Sandy Lansing is the middle child. Her older sister Marianne is the golden child- beautiful, trendy, popular and desirable. Her younger brother Laurence can do no wrong. Wedged between them, Sandy feels invisible. When her police officer father moves to a small country town to be the new Sargeant, Sandy must start over. But compared to her siblings Sandy does a rotten job of fitting in. And then there is Billy- Sandy's first crush. Of course, Billy is immediately attracted to Marianne, whose engagement to a boy in Perth seems to be of little consequence, much the same way that Billy's mixed blood doesn't bother Marianne the way it bothers everyone else...
The book is set in 1966, in a small country town. Immediately to me this made me think of my favourite book ever, Craig Silvey's Jasper Jones. There were other similarities. A relationship between a white girl with a powerful father and a mixed race boy. Small town bigotry. A horrifying crime at the beginning of the novel (read it and see, because I'll never tell.) But tonally, the two books are extremely different. Jasper Jones is a novel which looks at the world with a bleak sense of humour, largely due to the cynical yet intelligent voice of the narrator Charlie. But Bye, Beautiful is written in the third person. It is usually focussed on Sandy, occasionally shifting to another character when it seems cogent to view Sandy from the outside. At first this perspective is isolating. Then I realised that this was the point. Sandy's awkwardness and her despair are so potent that she is even excluded from the reader. She seems to exist in a soundless bubble. And I know I've certainly felt that way.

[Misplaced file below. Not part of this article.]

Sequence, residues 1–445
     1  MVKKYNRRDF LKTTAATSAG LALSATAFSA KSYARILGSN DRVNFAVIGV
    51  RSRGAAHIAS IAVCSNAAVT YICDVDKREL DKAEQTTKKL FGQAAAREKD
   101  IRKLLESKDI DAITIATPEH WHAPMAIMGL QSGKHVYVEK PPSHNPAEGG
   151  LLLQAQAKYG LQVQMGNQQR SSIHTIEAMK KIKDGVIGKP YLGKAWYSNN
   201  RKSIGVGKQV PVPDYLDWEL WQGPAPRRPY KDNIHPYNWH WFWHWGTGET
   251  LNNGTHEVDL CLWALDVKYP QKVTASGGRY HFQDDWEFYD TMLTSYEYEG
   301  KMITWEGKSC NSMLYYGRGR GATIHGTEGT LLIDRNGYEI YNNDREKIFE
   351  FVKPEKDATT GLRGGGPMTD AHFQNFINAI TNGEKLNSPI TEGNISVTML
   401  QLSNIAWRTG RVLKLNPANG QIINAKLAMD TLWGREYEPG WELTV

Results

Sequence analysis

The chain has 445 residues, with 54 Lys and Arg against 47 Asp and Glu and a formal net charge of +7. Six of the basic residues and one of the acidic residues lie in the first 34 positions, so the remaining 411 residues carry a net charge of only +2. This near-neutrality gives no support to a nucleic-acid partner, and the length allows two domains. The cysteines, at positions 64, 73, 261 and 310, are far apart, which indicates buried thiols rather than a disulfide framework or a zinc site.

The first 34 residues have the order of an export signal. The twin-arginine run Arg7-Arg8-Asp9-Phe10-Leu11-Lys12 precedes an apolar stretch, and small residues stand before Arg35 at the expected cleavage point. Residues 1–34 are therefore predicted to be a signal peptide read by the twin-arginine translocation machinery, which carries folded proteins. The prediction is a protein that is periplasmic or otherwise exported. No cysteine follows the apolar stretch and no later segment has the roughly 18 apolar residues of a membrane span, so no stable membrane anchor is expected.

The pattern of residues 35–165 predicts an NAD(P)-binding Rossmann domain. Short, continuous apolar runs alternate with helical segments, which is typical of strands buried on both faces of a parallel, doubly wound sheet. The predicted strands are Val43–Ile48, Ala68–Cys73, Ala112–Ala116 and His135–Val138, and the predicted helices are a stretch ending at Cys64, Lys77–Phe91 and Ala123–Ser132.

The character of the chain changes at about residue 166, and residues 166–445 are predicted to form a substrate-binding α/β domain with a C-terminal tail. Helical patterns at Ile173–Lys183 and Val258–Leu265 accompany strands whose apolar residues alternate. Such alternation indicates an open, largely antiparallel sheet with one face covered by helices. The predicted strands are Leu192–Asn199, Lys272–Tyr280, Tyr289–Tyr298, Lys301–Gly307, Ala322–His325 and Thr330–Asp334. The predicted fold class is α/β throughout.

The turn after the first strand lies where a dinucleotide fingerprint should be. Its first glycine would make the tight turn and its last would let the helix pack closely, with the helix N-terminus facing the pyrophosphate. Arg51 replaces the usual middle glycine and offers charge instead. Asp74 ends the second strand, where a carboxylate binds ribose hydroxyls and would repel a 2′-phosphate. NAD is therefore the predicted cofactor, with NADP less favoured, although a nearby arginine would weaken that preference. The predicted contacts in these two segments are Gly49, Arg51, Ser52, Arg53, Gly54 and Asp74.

Plot-wise, this book could be said to be wise beyond its years. Themes of sexuality, race and religion blend beautifully without being too explicit and the reader is allowed to make up their own mind nine times out of ten. Lawrinson creates a world where the sexuality which surrounds Marianne is palpable. When Bill Read or Constable Bates look at Marianne, their eyes wandering, your skin crawls. You read with open mouthed horror as the truth about Frank Lansing's violent control of his family is revealed layer by layer.
Minor characters like Peter, the fiance in Perth leave something to be desired. He is as absent on the page as he is off, and his role in the plot has about the emotional impact of characters eating breakfast.
Read this book if you loved Jasper Jones or Lawrinson's earlier work. (My favourite was Skating the Edge.)
I give this book four out of five mini skirts.